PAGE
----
The Divergence of Judaism and Islam. Interdependence, Modernity, and Political Turmoil

(Joyce) #1

188 · Rachel Simon

schools were afraid to demonstrate Hebrew identity and Zionism. As a
result, the Benghazi Hebrew School decided that pictures and maps with
Zionist connotations should be removed from the walls, the “Blue Box”
for the collection of donations to the Jewish National Fund disappeared,
and teachers forbade the students to sing Hebrew songs in the street. The
Arab teachers, who taught Arabic in the Hebrew schools, felt they were
setting the tone, and the Jews hesitated to respond to it.^45
Already in 1943, Libyan patriotism started to have implications on the
behavior of Libyan Jews. On Fridays and Muslim holidays, national flags
were raised in Benghazi on all shops, Arab and Jewish alike. The Jews
were afraid to raise Zionist flags or do anything that could be viewed as
separating them from the Muslim majority.^46 If one could interpret the
raising of local flags and the avoidance of Hebrew and Zionist manifes-
tations as a wish not to annoy the Muslims, this is not the case with the
clear support of the Jewish communal council of Tripoli—and especially
of its president, Zachino Habib—for the establishment of an indepen-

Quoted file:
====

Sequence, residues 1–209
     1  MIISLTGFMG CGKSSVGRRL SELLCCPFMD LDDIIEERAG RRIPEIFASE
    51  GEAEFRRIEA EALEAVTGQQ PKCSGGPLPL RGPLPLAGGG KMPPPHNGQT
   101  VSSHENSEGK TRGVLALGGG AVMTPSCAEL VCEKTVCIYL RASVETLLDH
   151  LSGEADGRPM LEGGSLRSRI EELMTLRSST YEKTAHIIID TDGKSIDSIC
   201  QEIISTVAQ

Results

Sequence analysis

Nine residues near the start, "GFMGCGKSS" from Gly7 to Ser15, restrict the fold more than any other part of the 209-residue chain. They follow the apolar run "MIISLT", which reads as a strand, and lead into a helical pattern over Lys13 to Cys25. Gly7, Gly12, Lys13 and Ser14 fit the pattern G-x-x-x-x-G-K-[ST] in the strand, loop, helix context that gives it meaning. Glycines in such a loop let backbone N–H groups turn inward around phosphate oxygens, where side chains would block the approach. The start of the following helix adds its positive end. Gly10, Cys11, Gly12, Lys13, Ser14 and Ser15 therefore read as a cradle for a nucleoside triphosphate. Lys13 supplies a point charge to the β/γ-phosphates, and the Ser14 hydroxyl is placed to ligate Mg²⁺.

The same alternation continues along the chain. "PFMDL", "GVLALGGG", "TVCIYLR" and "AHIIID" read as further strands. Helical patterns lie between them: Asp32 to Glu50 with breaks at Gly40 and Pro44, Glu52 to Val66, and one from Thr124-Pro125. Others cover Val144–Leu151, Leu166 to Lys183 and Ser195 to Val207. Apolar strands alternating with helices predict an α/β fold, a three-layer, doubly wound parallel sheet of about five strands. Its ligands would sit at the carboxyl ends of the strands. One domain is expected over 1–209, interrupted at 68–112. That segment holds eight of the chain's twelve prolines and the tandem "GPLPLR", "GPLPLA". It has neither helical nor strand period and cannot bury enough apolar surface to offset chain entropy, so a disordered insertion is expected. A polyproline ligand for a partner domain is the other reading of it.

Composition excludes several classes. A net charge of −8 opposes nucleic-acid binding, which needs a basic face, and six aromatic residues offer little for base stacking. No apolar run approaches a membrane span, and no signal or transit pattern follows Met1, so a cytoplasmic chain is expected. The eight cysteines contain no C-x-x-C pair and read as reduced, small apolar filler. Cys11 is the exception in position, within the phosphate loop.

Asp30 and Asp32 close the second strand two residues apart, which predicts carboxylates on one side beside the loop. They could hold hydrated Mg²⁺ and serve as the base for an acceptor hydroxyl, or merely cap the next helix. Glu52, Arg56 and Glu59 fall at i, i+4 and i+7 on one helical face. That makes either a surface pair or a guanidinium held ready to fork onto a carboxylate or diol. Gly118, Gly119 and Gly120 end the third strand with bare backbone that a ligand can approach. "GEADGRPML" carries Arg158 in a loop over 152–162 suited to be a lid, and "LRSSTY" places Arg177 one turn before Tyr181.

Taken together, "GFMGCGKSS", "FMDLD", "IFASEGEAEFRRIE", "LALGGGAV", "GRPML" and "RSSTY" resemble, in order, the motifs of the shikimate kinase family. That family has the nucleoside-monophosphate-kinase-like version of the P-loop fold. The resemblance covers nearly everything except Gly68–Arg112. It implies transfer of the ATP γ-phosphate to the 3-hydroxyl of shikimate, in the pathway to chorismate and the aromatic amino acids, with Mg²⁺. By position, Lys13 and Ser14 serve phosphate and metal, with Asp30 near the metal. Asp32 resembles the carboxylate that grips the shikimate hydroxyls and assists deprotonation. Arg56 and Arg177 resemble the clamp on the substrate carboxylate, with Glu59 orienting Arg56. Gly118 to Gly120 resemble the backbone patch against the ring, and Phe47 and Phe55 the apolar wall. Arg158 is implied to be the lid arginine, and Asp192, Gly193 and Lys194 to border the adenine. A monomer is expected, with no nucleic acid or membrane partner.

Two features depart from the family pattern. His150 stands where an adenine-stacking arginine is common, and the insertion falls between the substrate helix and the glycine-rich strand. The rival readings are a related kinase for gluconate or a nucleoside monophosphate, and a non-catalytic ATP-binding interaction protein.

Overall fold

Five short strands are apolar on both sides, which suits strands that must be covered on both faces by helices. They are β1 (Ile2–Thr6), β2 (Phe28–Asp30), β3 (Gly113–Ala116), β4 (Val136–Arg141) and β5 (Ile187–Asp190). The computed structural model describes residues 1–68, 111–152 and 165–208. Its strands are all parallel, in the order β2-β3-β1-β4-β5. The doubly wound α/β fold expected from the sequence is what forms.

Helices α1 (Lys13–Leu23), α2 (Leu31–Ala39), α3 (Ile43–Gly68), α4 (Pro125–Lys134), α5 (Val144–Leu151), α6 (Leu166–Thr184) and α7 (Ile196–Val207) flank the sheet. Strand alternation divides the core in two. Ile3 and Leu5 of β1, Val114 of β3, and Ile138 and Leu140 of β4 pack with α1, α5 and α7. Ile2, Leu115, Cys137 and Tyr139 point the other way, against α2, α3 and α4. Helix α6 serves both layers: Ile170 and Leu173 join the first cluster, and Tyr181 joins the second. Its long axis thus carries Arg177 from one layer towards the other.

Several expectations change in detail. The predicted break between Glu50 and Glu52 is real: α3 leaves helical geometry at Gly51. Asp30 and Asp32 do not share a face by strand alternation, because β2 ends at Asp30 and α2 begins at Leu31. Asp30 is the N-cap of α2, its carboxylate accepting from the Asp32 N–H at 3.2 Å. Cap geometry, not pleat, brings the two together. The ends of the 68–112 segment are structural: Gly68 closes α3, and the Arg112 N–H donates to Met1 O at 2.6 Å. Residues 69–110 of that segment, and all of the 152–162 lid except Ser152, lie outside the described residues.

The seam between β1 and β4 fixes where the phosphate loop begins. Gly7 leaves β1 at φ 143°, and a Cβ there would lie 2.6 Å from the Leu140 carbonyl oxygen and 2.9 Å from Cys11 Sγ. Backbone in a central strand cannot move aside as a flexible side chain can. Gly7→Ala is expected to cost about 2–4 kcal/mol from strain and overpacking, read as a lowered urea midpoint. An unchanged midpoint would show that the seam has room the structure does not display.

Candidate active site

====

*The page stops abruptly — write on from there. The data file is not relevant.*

dent Libyan state.^47 In early 1946 Habib initiated Jewish support for the
“United Libyan Front,” which called for the unity and independence of
all Libyan provinces. Ex post facto it was realized that this move had
brought a temporary easing of the tension between Arabs and Jews. The
readiness of the official representatives of the Jewish community to ac-
cept the Arab demands for Libyan independence was manifested also
during the meetings of this leadership with the UN delegation of the
committee of inquiry which was sent to Libya. The representatives of
the Tripoli community stated in March 1948 that the community sup-
ported an independent Arab state in Libya.^48 The six representatives of
the Benghazi community stated on 30 April 1948 that the community
supported Libyan independence and keeping contact with the National
Arab Congress and emphasized their good relations with the Arabs.^49
These positions, though, did not represent the views of the majority of
the community, most of which wanted the return of the Italian regime.
But due to the feeling of increased insecurity, many preferred to leave
Libya immediately and permanently.
There was much nervousness in late 1947 in the Jewish community
due to the growing anti-Jewish atmosphere. Although there were no clear
signs of an organized movement against the Jews, the masses tended to
frighten them. In October 1947 announcements were distributed in Beng-
hazi, calling for the establishment of a conscription center for volunteers

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